Labour’s Shadow Home Secretary and Shadow Minister for Equalities, Yvette Cooper, has told PinkNews.co.uk that the government needs to make Personal, Social, Health and Economic (PSHE) Education a statutory requirement in order to address the health challenges faced by LGBT students.
Speaking to PinkNews.co.uk, the senior Labour MP stressed how stronger sex and relationship education, which included provision for LGBT students, could dramatically help in the fight against homophobic bullying and poor rates of sexual health in the LGBT community.
Research by gay rights charity Stonewall published in 2012 showed one in sixteen gay and bisexual men aged 16 to 24 attempted to take their own life in the previous year – a figure far higher than for their heterosexual counterparts. Gay and bisexual men are also more likely to self-harm, catch sexually transmitted infections and have depression compared to their straight peers.
When asked by PinkNews.co.uk, “Are you disappointed that the government so far has been unable to make it a statutory requirement to have PSHE in schools?”
Yvette Cooper replied: “Yes I think this is a mistake by the government. I think they are on the wrong track on this one. We’ve had plans before the 2010 general election to have some compulsory sexual relationship education in schools, and I think actually the case for doing so has become stronger since the election. It was blocked by Michael Gove in the Conservative Education Team before the election and they put it on hold ever since then, but I think [there] is a whole series of variants [to justify its inclusion]. For example, issues around violence in teenage relationships.”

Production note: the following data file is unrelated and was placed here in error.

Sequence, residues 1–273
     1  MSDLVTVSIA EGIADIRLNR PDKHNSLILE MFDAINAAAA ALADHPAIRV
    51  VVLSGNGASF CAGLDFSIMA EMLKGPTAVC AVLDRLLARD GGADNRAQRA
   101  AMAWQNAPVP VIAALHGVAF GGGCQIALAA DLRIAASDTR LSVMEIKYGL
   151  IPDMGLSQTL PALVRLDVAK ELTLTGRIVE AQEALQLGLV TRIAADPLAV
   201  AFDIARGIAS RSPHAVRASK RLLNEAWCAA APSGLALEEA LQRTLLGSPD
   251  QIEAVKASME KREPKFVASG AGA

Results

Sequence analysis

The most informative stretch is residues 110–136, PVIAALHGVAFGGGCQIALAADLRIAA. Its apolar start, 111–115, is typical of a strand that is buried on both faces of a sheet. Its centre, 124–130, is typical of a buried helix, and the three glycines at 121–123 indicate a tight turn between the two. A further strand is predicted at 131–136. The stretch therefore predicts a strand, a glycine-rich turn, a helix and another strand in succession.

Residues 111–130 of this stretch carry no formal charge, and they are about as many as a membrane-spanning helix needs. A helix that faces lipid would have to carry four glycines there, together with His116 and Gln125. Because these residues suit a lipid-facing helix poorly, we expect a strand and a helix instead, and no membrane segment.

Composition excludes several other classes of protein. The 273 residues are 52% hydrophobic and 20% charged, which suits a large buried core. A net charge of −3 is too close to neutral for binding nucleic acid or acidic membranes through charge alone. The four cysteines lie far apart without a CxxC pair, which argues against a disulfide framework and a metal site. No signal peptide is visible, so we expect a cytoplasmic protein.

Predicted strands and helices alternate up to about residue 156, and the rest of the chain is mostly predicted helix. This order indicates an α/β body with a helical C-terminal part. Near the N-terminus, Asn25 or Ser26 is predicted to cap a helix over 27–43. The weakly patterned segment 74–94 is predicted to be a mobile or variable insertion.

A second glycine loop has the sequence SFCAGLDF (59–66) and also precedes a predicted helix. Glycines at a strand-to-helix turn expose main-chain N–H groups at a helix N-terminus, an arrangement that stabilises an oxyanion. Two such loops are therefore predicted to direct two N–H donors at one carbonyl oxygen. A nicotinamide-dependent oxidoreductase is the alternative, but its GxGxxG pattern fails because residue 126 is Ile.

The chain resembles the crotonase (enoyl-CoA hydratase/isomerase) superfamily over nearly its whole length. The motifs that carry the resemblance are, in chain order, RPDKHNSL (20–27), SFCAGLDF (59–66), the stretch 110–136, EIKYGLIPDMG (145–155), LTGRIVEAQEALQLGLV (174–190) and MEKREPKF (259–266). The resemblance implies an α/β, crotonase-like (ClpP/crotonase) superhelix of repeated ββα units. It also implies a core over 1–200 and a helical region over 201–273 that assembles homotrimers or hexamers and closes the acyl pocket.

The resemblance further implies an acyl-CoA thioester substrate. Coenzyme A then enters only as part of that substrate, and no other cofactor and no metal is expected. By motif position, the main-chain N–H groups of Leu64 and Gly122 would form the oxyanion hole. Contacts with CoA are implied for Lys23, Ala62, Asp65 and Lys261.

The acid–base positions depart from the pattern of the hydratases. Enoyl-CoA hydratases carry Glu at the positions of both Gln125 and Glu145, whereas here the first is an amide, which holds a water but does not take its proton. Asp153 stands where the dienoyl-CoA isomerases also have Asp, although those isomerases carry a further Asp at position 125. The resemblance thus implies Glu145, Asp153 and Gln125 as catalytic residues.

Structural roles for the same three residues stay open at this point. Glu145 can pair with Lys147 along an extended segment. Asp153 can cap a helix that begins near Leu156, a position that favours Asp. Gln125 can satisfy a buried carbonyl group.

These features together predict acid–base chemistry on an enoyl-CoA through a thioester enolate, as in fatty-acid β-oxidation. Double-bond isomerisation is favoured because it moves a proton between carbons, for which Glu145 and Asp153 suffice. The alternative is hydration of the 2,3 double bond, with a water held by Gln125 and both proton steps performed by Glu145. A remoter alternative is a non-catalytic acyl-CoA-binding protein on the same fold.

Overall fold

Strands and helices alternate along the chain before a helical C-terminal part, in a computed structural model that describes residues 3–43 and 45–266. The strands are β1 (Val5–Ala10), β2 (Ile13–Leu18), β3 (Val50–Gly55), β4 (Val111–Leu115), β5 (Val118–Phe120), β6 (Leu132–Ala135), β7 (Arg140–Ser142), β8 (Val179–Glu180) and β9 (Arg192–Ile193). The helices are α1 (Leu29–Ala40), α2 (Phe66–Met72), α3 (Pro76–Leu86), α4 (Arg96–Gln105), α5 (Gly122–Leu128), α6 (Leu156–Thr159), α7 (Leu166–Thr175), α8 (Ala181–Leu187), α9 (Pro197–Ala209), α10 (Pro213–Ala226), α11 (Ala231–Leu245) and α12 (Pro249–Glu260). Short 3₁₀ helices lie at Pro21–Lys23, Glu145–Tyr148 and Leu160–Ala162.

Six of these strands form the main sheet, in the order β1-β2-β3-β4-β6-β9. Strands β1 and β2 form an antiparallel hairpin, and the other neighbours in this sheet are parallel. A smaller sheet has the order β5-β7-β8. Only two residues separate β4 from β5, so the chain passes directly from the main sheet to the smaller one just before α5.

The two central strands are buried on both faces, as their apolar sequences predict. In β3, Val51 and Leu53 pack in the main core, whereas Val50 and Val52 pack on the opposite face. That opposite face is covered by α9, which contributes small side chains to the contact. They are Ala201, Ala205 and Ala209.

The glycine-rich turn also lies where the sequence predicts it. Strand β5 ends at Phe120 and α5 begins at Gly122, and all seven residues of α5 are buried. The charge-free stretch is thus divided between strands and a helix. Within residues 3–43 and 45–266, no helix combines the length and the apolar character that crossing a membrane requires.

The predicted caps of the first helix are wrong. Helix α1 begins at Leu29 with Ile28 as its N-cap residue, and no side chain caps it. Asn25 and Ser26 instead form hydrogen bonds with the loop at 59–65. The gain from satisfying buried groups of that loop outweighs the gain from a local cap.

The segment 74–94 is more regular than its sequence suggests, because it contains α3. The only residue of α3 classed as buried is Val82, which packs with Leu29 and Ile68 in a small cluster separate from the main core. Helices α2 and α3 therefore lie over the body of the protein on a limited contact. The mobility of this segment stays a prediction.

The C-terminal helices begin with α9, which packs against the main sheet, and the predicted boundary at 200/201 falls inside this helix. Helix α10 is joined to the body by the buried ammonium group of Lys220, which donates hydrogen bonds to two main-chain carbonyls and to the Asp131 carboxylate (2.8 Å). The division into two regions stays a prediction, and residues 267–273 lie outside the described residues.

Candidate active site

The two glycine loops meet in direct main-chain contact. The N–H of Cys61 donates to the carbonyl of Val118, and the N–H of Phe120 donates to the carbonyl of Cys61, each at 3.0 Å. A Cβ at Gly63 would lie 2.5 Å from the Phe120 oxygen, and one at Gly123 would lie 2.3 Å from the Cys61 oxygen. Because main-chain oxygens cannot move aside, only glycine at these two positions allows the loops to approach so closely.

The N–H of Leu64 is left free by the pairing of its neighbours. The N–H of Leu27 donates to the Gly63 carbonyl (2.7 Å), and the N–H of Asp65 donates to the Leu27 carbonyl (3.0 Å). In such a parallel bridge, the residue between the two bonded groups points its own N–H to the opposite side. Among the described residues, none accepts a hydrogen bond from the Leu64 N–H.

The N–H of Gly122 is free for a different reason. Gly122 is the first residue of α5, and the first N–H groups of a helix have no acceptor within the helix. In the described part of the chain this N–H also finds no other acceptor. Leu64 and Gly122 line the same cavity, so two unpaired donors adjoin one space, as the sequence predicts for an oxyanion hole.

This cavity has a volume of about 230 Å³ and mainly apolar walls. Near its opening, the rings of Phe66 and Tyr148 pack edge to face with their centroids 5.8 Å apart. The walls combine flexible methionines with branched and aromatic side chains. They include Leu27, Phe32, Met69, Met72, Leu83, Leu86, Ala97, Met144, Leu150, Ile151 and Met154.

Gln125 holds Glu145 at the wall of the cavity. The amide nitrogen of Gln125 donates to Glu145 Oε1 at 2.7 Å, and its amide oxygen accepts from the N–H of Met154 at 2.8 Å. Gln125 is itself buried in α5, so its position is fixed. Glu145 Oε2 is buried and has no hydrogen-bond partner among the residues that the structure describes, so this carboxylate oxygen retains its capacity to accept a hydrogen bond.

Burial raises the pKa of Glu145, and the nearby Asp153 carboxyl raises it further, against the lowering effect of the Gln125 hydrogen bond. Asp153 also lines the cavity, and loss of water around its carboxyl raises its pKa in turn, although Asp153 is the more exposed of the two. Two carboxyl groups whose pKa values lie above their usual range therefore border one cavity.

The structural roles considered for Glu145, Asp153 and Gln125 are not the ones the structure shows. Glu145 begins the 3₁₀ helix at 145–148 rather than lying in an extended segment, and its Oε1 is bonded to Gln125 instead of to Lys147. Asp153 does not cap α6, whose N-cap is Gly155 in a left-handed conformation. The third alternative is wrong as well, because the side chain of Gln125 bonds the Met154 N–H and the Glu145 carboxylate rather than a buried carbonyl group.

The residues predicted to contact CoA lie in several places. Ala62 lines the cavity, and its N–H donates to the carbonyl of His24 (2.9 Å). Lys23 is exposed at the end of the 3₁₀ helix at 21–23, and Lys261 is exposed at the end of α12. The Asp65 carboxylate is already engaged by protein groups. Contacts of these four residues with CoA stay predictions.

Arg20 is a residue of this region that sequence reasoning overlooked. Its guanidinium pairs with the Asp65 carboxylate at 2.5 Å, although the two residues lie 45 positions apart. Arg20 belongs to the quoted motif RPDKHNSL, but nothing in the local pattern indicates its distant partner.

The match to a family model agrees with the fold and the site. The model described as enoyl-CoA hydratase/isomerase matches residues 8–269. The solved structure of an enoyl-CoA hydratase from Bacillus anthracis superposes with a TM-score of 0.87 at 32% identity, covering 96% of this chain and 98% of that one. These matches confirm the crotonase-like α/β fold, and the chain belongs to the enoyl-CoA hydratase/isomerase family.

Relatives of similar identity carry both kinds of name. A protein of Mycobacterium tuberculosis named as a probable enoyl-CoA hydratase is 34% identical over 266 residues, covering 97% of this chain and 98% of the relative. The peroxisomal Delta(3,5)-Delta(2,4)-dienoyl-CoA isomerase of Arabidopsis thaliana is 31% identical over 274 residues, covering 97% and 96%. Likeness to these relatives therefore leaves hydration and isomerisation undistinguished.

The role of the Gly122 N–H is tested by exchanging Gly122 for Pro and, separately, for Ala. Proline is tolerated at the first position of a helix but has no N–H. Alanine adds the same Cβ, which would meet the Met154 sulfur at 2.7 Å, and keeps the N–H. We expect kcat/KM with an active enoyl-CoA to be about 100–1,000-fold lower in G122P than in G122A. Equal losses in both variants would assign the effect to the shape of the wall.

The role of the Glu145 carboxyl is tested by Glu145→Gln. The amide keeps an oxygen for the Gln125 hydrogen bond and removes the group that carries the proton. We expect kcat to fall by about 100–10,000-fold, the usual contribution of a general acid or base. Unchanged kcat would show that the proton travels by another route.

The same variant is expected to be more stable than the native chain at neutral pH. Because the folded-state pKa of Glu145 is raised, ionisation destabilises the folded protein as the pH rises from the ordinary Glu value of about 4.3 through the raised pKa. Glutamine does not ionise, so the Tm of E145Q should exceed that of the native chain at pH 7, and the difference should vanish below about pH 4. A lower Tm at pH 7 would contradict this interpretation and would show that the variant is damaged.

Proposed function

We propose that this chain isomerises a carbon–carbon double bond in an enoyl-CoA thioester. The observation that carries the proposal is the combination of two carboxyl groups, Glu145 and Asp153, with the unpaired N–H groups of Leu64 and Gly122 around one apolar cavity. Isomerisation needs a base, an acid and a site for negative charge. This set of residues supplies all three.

Ms Cooped continued: “I have seen some of the great stuff that’s been done on Catholic homophobic bullying in schools. I think there is actually a lot more of that that should be done across the country, so I don’t think they’re taking it seriously enough at all. I think it is a big mistake and so that’s why we’ve been putting down amendments and trying to get compulsory sexual relationship education actually put into the legislation.”
Labour has tabled an amendment to the Children and Families Bill which could make issues such as equality, abuse awareness and same-sex relationships a compulsory part of the curriculum. The amendment will be voted on by MPs on Tuesday.
The Conservative MP said: “Teachers are best placed to understand the needs of their pupils and do not need additional central prescription.”
But Yvette Cooper warns that this approach is out of step with the views of most parents. A YouGov poll found in May that 86% of parents believe sex education lessons should be compulsory in secondary schools.
“I think most parents actually want to know that their children are getting good advice and education and support in schools,” Ms Cooper said to PinkNews.co.uk. “It actually can be really difficult for parents of teenagers to talk to them about this… you need to support schools doing their bit as well especially when there is evidence of problems growing.”
With Parliament now well on its way to legalising same-sex marriage, Ms Cooper added: “The area I think that we need to look at next is not just about the legal framework, it is actually about the way things happen in practice, so for example, you know the fact that there is still huge mental health problems among particularly young gay men, there is huge pressure that they can find themselves under and that you can have the homophobic bullying that still takes place in school.”